World War II provided a market boost for bison meat from Custer State Park and the adjoining Wind Cave National Park. Prior to the attack on Pearl Harbor, President Roosevelt had established the Office of Price Administration, which began to impose severe rationing of several types of food-stocks, including beef. Meat packers in 1942 were restricted to 70 percent of their previous year’s sales.

“Wild Game,” including bison meat, was exempt from the rationing. Demand surged. In the winter of 1942, Custer State Park’s slaughter plant failed to meet its orders, and work began on a new processing plant in the park. Meat from Custer State Park was marketed across the country, including in some of New York City’s finer restaurants. Sales of buffalo meat from the park continued to increase after the war. By 1953, meat sales generated nearly seventy-five thousand dollars for the Park. For a decade, beginning in 1952, many of the bison slaughtered at the Custer State Park processing plant were brought into the park from neighboring Wind Cave National Park.

However, small sales of live bison from Custer State Park, Yellowstone National Park, and elsewhere in the 20th century provided the foundation for many of today’s commercial bison herds. Ted Marquiss, a Wyoming rancher, purchased two cows and a bull from Custer State Park in 1922 “just for fun,” and proceeded to build a herd of nearly 500 animals by the 1950’s. Roy Houk, founder of the original National Buffalo Association, purchased his first bison from Custer State Park in 1959, and had develop the largest herd in the United States by the late 1960’s. The Flocchini family of California expanded from meat marketing into buffalo production in early 1965, when they acquired a Northern Wyoming ranch populated with surplus bison from the Yellowstone herd.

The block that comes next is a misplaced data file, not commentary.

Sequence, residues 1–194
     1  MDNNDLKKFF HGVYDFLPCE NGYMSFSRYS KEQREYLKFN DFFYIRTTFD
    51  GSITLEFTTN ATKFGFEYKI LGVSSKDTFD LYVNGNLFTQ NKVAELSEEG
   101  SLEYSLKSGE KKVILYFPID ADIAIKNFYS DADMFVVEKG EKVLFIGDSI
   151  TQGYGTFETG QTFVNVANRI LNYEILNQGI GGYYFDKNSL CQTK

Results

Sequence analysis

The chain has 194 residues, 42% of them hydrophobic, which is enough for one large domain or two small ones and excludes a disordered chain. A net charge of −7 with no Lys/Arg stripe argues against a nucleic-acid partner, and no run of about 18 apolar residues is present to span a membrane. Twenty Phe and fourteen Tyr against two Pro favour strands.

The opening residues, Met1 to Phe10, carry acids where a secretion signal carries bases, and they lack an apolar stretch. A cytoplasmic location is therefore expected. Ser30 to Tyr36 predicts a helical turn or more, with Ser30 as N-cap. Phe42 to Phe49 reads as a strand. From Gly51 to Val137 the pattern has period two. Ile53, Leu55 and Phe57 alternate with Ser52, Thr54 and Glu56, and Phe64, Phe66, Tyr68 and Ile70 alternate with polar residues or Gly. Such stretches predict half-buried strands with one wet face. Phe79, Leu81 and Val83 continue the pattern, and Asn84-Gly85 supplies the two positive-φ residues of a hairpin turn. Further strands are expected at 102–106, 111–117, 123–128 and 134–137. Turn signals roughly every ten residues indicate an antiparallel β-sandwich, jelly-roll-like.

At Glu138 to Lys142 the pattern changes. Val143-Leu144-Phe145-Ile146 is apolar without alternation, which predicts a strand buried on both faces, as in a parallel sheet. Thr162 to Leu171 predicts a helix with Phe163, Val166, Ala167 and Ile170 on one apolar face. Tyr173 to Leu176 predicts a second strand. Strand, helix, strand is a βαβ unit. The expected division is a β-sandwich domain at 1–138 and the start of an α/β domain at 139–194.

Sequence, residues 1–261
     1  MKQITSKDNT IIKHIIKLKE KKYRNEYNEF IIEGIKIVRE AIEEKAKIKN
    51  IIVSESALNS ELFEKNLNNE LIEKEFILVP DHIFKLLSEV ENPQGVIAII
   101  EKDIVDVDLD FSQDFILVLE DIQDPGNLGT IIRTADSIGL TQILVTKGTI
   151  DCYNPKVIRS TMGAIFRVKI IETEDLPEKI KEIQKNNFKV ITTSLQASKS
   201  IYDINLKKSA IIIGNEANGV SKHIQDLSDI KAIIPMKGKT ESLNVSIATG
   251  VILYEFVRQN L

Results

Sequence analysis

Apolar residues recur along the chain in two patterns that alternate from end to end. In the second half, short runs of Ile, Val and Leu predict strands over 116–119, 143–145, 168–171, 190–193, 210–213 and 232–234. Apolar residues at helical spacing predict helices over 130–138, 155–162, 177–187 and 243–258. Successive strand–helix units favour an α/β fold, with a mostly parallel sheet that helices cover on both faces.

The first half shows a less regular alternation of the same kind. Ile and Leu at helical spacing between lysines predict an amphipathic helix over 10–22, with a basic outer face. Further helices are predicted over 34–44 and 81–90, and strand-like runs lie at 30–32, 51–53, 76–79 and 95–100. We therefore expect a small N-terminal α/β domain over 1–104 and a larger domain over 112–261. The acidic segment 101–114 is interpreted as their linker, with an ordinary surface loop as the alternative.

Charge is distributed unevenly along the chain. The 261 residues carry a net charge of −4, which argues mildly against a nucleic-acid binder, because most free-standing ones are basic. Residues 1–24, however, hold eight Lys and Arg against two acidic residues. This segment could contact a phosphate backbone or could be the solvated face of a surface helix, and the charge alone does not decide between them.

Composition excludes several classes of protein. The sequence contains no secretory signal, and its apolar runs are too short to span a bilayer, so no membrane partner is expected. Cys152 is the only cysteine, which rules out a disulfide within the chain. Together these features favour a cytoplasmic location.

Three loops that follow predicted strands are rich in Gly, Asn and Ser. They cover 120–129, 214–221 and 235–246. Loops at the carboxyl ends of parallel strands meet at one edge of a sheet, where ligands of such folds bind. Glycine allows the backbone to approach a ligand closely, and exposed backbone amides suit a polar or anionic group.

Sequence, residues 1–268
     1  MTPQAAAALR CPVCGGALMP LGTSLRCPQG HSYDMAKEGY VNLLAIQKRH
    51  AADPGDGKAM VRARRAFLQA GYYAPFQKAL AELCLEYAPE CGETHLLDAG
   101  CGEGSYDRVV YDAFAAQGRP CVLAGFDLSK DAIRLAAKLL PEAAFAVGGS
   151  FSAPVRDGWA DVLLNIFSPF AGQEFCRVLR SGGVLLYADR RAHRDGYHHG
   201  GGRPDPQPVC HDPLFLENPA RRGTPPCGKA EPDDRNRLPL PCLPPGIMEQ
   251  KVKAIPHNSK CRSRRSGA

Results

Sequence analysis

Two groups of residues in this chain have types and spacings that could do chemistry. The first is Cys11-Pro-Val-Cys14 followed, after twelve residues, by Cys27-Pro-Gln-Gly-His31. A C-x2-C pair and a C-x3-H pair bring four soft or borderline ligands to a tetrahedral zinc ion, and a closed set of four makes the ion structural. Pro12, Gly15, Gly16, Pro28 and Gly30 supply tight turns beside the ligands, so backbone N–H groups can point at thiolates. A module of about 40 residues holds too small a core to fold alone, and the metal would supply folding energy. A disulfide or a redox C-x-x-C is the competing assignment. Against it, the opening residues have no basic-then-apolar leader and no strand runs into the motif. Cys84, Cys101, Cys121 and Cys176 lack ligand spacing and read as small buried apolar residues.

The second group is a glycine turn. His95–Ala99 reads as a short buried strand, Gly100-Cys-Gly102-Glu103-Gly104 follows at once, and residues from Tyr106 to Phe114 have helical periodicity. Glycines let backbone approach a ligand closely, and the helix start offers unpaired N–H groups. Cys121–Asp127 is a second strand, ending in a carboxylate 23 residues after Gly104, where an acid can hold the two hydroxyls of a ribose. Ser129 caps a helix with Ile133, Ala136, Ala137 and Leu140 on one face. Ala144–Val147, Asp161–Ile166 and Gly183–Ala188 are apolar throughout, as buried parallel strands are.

Today, the slaughterhouse at Custer State Park is long gone. But the annual auction held at there, along with other auctions at Antelope Island State Park, Fort Niobrara Wildlife Refuge, and elsewhere provide a balance of preservation and conservation.